The expression of the genes that encode at least four of these proteins (Floped, Mater, Tle6, Padi6) is regulated by FIGLA (Factor in the germline, alpha), a bHLH transcription factor. A role in activation of Filia remains indeterminate as transcripts were not represented in the screened microarrays and SAGE libraries used to identify potential downstream targets (Joshi et al., 2007). FIGLA was initially implicated as a transcription factor in the coordinate expression of the zona pellucida genes (Zp1, Zp2, Zp3) that encode three proteins that form an extracellular matrix surrounding eggs and pre-implantation embryos. Each zona gene contains a canonical E-box (CANNTG) within 250 bp of its transcription start site which when ablated affects reporter gene expression in heterologous cells (Liang et al., 1997). Zona transcripts were more abundant in normal than in Figla null ovaries (Soyal et al., 2000; Joshi et al., 2007). Thus, it appears that FIGLA regulates at least two multi-component complexes critical for early development, the extracellular zona pellucida and the intracellular SCMC. As observed with other tissue-specific bHLH master regulators (e.g. myoD, Tapscott, 2005), it is likely that FIGLA does not act in isolation and that other transcription factors are critical modulators of genetic hierarchies required for successful fertilization and the onset of development. Recently, heterozygous mutation of Figla have been observed in two patients with premature ovarian failure (Zhao et al., 2008) raising the possibility that genetic pathways affected by FIGLA are causal in disease.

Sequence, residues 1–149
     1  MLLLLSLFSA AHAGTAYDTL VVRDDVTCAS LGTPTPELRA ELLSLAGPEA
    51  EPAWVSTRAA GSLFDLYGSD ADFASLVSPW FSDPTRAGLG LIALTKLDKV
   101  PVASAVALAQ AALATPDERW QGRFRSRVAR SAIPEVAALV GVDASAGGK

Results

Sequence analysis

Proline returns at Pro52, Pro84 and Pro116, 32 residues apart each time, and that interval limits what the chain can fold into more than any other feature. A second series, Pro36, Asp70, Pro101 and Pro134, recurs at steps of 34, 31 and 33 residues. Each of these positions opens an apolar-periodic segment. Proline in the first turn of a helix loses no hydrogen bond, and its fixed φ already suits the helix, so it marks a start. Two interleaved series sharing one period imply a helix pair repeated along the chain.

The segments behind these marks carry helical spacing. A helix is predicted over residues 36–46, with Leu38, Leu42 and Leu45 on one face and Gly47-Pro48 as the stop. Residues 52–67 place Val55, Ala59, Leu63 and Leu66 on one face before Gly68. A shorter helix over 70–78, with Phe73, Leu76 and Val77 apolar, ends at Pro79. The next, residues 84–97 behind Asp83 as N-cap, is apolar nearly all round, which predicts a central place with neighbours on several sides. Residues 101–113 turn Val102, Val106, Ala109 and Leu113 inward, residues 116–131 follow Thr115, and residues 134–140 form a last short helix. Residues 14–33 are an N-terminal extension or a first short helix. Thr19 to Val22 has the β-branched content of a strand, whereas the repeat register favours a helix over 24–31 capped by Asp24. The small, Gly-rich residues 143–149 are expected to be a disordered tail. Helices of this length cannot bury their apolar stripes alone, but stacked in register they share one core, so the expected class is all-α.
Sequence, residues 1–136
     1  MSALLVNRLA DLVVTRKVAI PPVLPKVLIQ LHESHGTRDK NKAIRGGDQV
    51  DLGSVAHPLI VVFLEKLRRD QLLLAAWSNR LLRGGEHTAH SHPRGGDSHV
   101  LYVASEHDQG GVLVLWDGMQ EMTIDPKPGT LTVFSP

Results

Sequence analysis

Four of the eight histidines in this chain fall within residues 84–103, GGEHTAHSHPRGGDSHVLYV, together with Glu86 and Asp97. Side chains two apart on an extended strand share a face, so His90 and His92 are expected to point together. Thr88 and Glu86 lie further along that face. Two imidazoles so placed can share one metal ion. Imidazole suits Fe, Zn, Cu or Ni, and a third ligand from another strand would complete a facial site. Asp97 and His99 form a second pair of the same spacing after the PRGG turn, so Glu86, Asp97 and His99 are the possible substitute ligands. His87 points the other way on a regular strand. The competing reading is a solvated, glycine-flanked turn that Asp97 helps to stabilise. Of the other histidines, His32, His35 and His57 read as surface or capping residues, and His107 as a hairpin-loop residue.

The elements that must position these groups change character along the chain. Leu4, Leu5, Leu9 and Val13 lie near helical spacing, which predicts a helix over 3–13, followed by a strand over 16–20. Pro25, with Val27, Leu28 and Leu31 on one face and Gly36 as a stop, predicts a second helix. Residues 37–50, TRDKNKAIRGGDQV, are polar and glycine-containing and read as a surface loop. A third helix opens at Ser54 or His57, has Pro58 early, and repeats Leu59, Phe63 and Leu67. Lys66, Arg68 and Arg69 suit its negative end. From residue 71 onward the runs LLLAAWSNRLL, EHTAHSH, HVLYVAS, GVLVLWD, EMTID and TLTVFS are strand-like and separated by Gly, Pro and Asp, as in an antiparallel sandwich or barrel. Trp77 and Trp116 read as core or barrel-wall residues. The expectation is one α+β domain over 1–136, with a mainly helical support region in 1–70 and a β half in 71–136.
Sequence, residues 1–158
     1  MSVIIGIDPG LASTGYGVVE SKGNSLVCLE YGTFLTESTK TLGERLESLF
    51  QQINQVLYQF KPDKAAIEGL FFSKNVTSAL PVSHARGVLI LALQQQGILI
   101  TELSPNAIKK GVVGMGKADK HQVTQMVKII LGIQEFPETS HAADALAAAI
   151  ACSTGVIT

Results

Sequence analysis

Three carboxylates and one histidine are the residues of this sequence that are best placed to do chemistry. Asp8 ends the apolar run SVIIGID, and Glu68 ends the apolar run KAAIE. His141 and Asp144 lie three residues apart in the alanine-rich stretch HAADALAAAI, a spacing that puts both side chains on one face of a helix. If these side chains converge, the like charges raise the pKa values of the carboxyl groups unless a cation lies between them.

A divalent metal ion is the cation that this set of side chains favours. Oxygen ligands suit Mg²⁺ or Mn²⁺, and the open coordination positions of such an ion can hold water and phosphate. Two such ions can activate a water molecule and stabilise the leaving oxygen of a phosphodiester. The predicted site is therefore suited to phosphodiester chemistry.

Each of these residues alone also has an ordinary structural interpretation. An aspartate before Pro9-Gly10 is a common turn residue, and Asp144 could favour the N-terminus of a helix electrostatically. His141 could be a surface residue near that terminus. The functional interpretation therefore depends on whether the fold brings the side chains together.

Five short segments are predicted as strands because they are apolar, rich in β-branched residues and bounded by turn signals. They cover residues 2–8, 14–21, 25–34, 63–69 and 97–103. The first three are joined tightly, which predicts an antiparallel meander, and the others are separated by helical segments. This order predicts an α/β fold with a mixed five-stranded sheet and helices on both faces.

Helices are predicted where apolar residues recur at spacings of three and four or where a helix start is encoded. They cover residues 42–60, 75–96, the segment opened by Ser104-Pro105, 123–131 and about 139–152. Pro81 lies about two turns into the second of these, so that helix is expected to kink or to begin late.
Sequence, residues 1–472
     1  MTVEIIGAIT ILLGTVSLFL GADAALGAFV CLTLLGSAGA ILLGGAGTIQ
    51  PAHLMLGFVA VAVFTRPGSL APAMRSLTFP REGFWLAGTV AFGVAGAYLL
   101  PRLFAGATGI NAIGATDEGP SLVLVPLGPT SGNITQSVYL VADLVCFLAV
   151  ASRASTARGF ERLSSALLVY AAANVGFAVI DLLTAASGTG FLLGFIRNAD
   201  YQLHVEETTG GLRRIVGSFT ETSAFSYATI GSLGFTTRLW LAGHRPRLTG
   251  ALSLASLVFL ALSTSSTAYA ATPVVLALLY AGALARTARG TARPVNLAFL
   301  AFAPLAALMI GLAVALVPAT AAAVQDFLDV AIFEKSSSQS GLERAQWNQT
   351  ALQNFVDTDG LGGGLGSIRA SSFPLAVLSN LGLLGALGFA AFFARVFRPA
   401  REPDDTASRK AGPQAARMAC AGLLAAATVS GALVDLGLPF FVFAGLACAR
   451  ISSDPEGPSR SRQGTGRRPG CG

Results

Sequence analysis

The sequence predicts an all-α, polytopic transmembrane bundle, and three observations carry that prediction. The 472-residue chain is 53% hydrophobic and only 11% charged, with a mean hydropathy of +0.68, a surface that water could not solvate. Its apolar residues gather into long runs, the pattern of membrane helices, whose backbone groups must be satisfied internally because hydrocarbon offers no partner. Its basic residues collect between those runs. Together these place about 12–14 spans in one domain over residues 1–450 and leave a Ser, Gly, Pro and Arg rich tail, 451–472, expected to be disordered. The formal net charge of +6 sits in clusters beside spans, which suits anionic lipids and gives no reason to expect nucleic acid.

Impaired progression beyond the first embryonic cleavage has been observed in a number of experimental settings including defects in cell cycle, cytokinesis, and activation of the embryonic genome. Maternal ablation of the Brg1 (official name: Smarca4), the catalytic subunit of SWI/SNF remodeling complex (Bultman et al., 2006) or of Ube2a, a ubiquitin-conjugating DNA repair enzyme (Roest et al., 2004), effectively arrests development at two-cells as does treatment with α-amanitin, an inhibitor of RNA polymerase (Golbus et al., 1973; Warner and Versteegh, 1974; Flach et al., 1982). Embryos derived from Matertm/tm and Padi6tm/tm females also have a pronounced decrease in de novo transcription in two-cell embryos (Tong et al., 2000; Yurttas et al., 2008) which raises the possibility that the SCMC plays a role in activation of the embryonic genome. However, it remains perplexing how a subcortical complex would affect nuclear events, although disruption of TCL1 (T cell leukemia/lymphoma 1) mediated shuttling of Akt (protein kinase B) into the nucleus inhibits embryonic progression (Narducci et al., 2002; Pekarsky et al., 2000). Perhaps more likely, the observed decrease in transcription and deregulation of translation reflects impeding death of early embryos derived from Mater and Padi6 null females. To further investigate the role of SMCM in cell cycle progression and cytokinesis, we are establishing suitable reagents for in vivo investigations using time-lapse confocal microscopy.